Notes: The trailhead located atop of the Chittenden Road Parking Area is an alternative stating point. The hike is an out and back from this location with a distance of 5.2 miles (8.4 KM).
Seven-Mile Hole Trail
The Seven Mile Hole is your chance to hike to the bottom of the Grand Canyon of the Yellowstone River. This is one of two Yellowstone hiking trails that access the depths of this geologic wonder. The other way to get to the bottom of the canyon is Agate Creek, a spur route off the Specimen Ridge Trail in the north of the park.
Start from the Glacial Boulder Trailhead on the Inspiration Point spur road. Inspiration Point is located off of North Rim Drive. Make your way along the canyon and you'll get views of Silver Cord Cascade as it tumbles 1,200 feet down the walls to the Yellowstone River far below. Follow the trail signs to the Seven Mile Hole where you'll start your descent. In the 2.3 miles, you'll make your way through forest and past mysterious thermal features. The formation of the Yellowstone’s Grand Canyon was influenced by all the hot spring activity. Always be careful while exploring backcountry thermals. The ground can be unstable with hazards below.
Seven-Mile Hole Trail Info:
Eventually you'll make it to the bottom of the canyon. Did you remember your fishing pole? This seldom-visited spot is a great place to test your fishing skills! Yellowstone cutthroat trout, the park's native species, are a favorite target for anglers. Make sure to bring lunch, have plenty of snacks, and refill your water bottle, because it's a heck of a hike out. Remember when you're climbing out, it's a marathon not a sprint.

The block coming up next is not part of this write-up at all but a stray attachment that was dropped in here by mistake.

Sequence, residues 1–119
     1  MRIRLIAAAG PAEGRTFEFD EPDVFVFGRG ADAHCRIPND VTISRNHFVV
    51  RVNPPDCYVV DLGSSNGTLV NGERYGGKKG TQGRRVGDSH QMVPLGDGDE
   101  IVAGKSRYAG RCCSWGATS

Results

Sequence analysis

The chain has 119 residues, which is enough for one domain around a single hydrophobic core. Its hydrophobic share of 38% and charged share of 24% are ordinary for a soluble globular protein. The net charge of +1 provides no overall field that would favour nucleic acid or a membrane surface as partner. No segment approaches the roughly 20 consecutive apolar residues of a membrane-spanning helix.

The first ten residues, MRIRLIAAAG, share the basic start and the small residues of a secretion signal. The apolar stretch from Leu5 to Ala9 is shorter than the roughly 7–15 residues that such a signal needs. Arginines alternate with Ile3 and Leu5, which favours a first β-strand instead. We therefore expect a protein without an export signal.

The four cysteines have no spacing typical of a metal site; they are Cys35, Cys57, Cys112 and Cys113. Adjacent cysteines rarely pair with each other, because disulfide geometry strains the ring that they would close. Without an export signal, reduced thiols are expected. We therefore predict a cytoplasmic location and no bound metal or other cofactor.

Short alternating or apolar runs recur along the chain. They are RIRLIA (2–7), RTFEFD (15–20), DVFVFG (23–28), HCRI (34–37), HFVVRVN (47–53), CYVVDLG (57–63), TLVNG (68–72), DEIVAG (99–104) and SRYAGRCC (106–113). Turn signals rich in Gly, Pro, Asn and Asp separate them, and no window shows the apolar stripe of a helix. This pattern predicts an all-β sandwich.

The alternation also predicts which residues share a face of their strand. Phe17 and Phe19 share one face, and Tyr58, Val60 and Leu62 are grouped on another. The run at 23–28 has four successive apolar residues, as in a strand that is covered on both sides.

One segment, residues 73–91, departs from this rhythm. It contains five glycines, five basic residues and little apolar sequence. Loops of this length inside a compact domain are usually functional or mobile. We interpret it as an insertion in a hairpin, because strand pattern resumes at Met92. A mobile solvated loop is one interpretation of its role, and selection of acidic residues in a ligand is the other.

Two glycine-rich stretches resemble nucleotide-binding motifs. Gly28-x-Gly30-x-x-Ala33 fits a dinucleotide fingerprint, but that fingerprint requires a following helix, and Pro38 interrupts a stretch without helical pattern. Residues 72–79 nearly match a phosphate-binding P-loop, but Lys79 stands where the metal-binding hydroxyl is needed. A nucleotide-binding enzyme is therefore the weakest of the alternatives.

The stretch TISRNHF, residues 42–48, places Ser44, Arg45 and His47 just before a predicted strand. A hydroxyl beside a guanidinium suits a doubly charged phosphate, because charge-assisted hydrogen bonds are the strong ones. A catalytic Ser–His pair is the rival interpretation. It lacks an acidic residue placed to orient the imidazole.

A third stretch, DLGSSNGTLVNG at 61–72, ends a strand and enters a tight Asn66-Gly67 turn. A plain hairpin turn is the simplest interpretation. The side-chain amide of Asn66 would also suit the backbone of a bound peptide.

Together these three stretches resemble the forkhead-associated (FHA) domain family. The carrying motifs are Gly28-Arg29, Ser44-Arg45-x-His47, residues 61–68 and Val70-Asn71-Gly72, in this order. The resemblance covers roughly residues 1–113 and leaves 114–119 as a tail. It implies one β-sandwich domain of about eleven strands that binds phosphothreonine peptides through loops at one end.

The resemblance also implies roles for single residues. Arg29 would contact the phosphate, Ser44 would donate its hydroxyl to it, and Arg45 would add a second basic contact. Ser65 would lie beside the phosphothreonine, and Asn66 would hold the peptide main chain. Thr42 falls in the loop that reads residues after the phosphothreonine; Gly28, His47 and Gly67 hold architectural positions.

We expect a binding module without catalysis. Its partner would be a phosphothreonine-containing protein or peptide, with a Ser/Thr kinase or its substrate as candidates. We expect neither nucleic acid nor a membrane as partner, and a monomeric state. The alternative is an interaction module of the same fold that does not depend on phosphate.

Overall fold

Distance: 10 miles (16.1 KM)
Elevation Gain: 1,000 ft in 2.3 miles
Trail Rating: Difficult
Trail Type: Out and Back
Notes: Local hikers claimed that the trail feels more like 7 miles on the way out of the Canyon, not 5. Hence the name; Seven Mile Hole.
Other great hikes in the Canyon region not listed in the blog post are Observation Peak, Cascade Lake, North Rim Trail, and Chain of Lake Trails. We recommend checking in with the nearest Visitor Center or Backcountry Office in Yellowstone for up to date trail information. If wanting to explore the area with a local, a guided hike of Yellowstone is a great option. For more information on exploring Yellowstone, give us a call (406-599-2960) or send an email. Hope to see you on the trail. Happy hiking!!!